SciFi and Fantasy eBook Club discussion

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message 1: by [deleted user] (new)

I just bought a kindle and I would like to read some science fictions both for entertainment and to improve my English. So would you please recommend some books are both interesting and written in a plain English?

Thanks a lot!


message 2: by Al (new)

Al Take a look at Distant Cousin. It's sci-fi "lite," but it's written in clear, simple English (except for a few idioms). I used to be an EFL professor. If you like it there are more in the series.


message 3: by [deleted user] (new)

Try Earth Abides by George R. Stewart. It's a wonderful book written about 60 years ago but definitely holds up over the years. It's a wonderful classic post-apocalyptic novel.


message 4: by Charles (new)

Charles (nogdog) There are a lot of good and free sci-fi books at the Baen Free Library David Drake's Lt. Leary Commanding and With the Lightnings are good "space opera" reads generally written in non-complex English.


message 5: by [deleted user] (new)

Thank you for your kind help!


message 6: by Felipe (new)

Felipe I would recommend Richard Morgan's books. Start with Altered Carbon,Broken Angels, Woken Furies, Thirdteen. He also wrote Market Forces which is a bit slow compared to the others and Steel Remains which is his first Fantasy book.


message 7: by Robin (new)

Robin (robinsullivan) | 9 comments I know a lot of the Star Wars books are available for free on the Kindle I think I downloaded #1 - #4 - you might want to check them out.


message 8: by stormhawk (new)

stormhawk | 75 comments Go to amazon and check the top 100 free ... or browse Kindle Science Fiction, and sort by price lowest to highest.

There are a number of older or out-of-copyright early SF books that you get either free or just for $1-3.

Here's 100 books for $4.69
http://www.amazon.com/Classic-Collect...


message 9: by Scott (new)

Scott Robin wrote: "I know a lot of the Star Wars books are available for free on the Kindle I think I downloaded #1 - #4 - you might want to check them out."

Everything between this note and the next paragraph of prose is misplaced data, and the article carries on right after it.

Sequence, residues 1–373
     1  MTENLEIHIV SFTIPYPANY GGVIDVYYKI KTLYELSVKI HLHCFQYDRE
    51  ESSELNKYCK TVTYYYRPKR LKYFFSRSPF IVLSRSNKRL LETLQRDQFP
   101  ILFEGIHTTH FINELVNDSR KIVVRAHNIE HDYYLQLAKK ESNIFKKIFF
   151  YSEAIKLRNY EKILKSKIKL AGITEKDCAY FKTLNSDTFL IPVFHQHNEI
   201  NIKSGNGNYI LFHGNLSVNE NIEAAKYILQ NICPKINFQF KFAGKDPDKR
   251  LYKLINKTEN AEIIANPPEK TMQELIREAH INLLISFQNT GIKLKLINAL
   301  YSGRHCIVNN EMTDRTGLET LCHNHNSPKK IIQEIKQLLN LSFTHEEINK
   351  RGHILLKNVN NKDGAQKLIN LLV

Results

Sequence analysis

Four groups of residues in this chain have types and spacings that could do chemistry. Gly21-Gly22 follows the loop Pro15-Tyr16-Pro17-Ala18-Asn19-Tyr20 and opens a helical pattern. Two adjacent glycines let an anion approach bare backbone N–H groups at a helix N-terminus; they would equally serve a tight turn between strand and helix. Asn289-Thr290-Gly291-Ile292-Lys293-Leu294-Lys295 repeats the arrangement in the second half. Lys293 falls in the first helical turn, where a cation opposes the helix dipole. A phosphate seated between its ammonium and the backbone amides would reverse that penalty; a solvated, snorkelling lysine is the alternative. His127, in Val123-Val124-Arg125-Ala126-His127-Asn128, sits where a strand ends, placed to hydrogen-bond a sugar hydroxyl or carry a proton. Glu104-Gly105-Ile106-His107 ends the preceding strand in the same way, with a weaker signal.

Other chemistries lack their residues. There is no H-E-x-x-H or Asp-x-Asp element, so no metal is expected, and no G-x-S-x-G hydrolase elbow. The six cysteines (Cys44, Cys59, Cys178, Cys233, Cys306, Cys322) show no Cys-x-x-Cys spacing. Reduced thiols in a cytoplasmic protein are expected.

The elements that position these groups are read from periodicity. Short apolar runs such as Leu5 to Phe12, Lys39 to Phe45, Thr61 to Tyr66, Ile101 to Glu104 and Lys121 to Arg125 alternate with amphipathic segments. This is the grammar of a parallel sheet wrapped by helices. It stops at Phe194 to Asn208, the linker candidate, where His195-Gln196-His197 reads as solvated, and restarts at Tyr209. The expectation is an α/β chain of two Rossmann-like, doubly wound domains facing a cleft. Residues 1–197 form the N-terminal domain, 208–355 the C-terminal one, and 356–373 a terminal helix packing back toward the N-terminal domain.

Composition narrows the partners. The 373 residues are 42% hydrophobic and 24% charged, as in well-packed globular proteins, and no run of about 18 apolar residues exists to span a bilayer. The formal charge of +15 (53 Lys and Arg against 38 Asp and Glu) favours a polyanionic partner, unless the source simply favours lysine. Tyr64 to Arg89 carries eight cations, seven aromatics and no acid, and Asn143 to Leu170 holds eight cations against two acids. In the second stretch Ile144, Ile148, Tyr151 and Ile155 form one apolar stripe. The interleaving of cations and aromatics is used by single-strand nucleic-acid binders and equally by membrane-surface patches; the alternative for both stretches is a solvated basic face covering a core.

#5 is out for free now also.


message 10: by stormhawk (new)

stormhawk | 75 comments Link, please?

(you're talking about the Lost Tribe of the Sith series, right?)


message 11: by Scott (new)

Scott Sorry. It is only on Sony and B&N. I thought I saw that Amazon had it also.


message 12: by Terra (new)

Terra Synn (terrasynn) | 34 comments Try the Pern books by anne mccaffery.The Dragonriders of Pern They are intering and will have you yearning for the next book and you will be rooting for the characters and hoping they succeed in what they are out to do.


message 13: by Gwen (new)

Gwen Perkins (helleder) | 8 comments Seconded on the Pern books.

What kind of books have you already read and enjoyed, Ablmf? I'd like to make some recommendations but the field's pretty broad...


message 14: by S.B. (new)

S.B. Davidson (sbdavidson) | 2 comments Ender's Game is one of my all-time favorites. It's an engrossing story, and the prose is straight forward, not overly flowery or dense.


message 15: by Adam (last edited Jan 26, 2012 01:58PM) (new)

Adam Wasserman (keturion) | 2 comments 2001: A Space Odyssey is one of my favorites. I also highly recommend Roadside Picnic. Do Androids Dream of Electric Sheep? Hard to say when they are hunted...


message 16: by Elliott (new)

Elliott Kay (elliottkay) If you are still working on improving your English, Starship Troopers may be great for you. It was originally written for younger readers, so the language is straightforward, but it doesn't feel like a "young adult" novel. It has many very interesting topics that my adult friends debate all the time.


message 17: by Kenny (new)

Kenny Chaffin (kennychaffin) | 96 comments How about the Edgar Rice Burroughs Mars books:

http://www.feedbooks.com/list/1/barsoom


message 18: by Chance (new)